Tuesday Terminology: Enallage

You ain’t got you nary any writing skills until you seen this literary device.

And, no, that’s not bad grammar—it’s enallage. The difference is intent (as with most grammar-defying constructs). I began this post with an obviously incorrect line to grab attention, and that’s the core of today’s term.

  • enallage: intentionally making grammar mistakes for characterization or to create (or use) a catchy statement [Note: There’s a wider definition we won’t discuss here.]

For example, in American culture the phrase “You ain’t seen nothing yet” is well known—and also wrong. But part of what makes it memorable is the brash defiance of the rules. It’s a rebel sentence. Newspapers, magazines, and advertisers often use these (sometimes with excessive quotation marks) to capture the culture or for humor.

As is normal, you should definitely approach this with caution. Some readers don’t like authentic dialect (which is a type of enallage) or an abundance of grammar-bending buzz phrases, as both tend to wear thin with overuse. So, be sure that your use of this device makes sense for the work.

By the way, intentional spelling errors are often considered neologisms or metaplasmus and not enallage. We’ll talk about this later.

For now, hows about yous guys hit me with your favorite enallage?


An Infinitive in Need of a Split

Some rules in English grammar are actually grammar folklore. We accept them; we get graded on them; and they take on iconic status. But they aren’t really as ironclad as they seem.

I already tackled ending a sentence with a preposition. So, today we take on split infinitives.

Most people know how to use infinitives—even if they don’t think about what they’re called. The basic format is to + a base verb:

  • to be
  • to hear
  • to go
  • to listen

Growing up, you may have been told that infinitives cannot be hacked apart. That is, the to has to go right with the verb and nothing shall render it asunder. If you’re like me, you may have even run up against a few red pens when you crossed that line.

But I’m here to free you from the historical misunderstanding. In Latin, an infinitive can’t be split because it’s one word (e.g., amare—to love), and since Latin was once considered a model language, this rule-that-is-not-a-rule crept into English.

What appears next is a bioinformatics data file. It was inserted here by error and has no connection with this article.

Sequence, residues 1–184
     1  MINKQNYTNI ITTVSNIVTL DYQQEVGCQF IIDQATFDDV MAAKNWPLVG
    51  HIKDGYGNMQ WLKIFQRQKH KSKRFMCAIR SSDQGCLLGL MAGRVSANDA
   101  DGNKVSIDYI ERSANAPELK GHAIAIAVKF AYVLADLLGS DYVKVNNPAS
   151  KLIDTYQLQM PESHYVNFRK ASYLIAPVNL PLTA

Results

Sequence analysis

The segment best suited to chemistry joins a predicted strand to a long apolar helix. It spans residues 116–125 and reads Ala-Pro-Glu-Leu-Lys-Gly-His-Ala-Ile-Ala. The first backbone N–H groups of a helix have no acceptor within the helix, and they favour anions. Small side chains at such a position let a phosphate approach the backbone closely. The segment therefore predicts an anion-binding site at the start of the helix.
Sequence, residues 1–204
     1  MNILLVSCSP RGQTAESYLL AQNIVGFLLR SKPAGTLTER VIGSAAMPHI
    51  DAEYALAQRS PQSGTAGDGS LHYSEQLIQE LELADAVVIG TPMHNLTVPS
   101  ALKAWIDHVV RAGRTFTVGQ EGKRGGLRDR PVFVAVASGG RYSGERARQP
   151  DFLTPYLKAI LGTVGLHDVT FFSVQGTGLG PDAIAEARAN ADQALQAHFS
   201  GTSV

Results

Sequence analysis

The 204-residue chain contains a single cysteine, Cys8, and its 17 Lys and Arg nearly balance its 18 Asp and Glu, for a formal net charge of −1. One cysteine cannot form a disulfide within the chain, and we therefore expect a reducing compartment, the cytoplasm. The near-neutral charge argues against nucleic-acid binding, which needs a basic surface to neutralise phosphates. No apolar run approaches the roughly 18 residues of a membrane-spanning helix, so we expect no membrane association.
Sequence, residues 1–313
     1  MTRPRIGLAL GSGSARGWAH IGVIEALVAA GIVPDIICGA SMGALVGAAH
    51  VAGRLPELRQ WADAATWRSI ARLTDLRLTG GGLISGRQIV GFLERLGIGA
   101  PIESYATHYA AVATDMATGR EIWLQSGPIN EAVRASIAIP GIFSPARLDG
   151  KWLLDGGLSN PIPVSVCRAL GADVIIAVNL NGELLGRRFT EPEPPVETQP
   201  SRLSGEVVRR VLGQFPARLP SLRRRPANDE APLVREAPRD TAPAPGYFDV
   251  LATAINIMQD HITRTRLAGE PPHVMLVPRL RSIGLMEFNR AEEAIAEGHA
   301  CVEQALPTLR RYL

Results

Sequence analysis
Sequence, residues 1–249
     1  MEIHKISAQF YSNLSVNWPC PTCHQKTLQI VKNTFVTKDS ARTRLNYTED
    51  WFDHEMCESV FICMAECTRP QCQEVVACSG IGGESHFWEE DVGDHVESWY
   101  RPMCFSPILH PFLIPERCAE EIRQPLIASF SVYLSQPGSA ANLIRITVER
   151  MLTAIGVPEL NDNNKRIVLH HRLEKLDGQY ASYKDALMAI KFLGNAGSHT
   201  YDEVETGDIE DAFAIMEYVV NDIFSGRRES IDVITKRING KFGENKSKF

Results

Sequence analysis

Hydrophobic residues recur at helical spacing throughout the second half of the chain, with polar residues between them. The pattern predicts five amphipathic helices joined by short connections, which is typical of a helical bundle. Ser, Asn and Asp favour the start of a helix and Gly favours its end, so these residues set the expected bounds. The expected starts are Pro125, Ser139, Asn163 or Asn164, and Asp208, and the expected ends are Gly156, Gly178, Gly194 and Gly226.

English isn’t Latin, however. Oh, sure, there’s Latin in our jumbled language, but there’s no reason to abide by Latin constructs (especially for a German-based tongue). So, don’t feel guilty. Go ahead and use these:

  • to boldly go
  • to never surrender
  • to slowly slip

I do want to caution you, though. If you bump the infinitive apart and squeeze in an adverb (as I did above), some readers will think of it as wrong. The myth is too well engrained to easily be removed.

Also, some infinitive chopping can actually make the phrase confusing:

We need to before the day dawns go to the mountain.

The infinitive to go is so widely split that it’s awkward. The better sentence is this:

We need to go to the mountain before the day dawns.

A word or two between the to and the verb is usually fine. But three or more makes the brain work too much.

Continually Continuous

I’m the first to admit my grammar faults, and the difference between the words continual and continuous continually trips me up—if I’m not vigilant. In fact, this once popped up on an editing test I took, which has since made me redouble my efforts to keep them straight and to develop a mnemonic device for simplicity.

Here are the basics:

  • continual: intermittent, repeated often (i.e., not always happening)
  • continuous: uninterrupted, unceasing (i.e., always happening within a certain period of time)

If something is continuous, that does not mean that it has to go on forever. For example, a person’s talking can be continuous for the span of a minute.

How do I remember the difference between these two words? You’ll have to dive into my brain to find out. Your results may vary.

  • Continual ends with an L because the same thing happens after a lull.
  • Continuous ends with an S because it doesn’t stop.

The proper use of these words looks something like this:

  • The frequent storms are a continual reminder that fall is fast approaching.
  • The rain fall was continuous from morning until night.

Fewer or Less and Farther or Further

The distinction between the words fewer and less can seem almost silly. However, the train of English grammar over the centuries has kept on a specific course. And this is what we have for now:

  • The word fewer (a plural noun) is used when you can count the number of items in question (no matter how high or microscopic the number is).
  • The word less (a single noun) is used when you cannot make an accurate count because what’s being measured is an abstraction.

That leaves us with correct usage that looks something like this: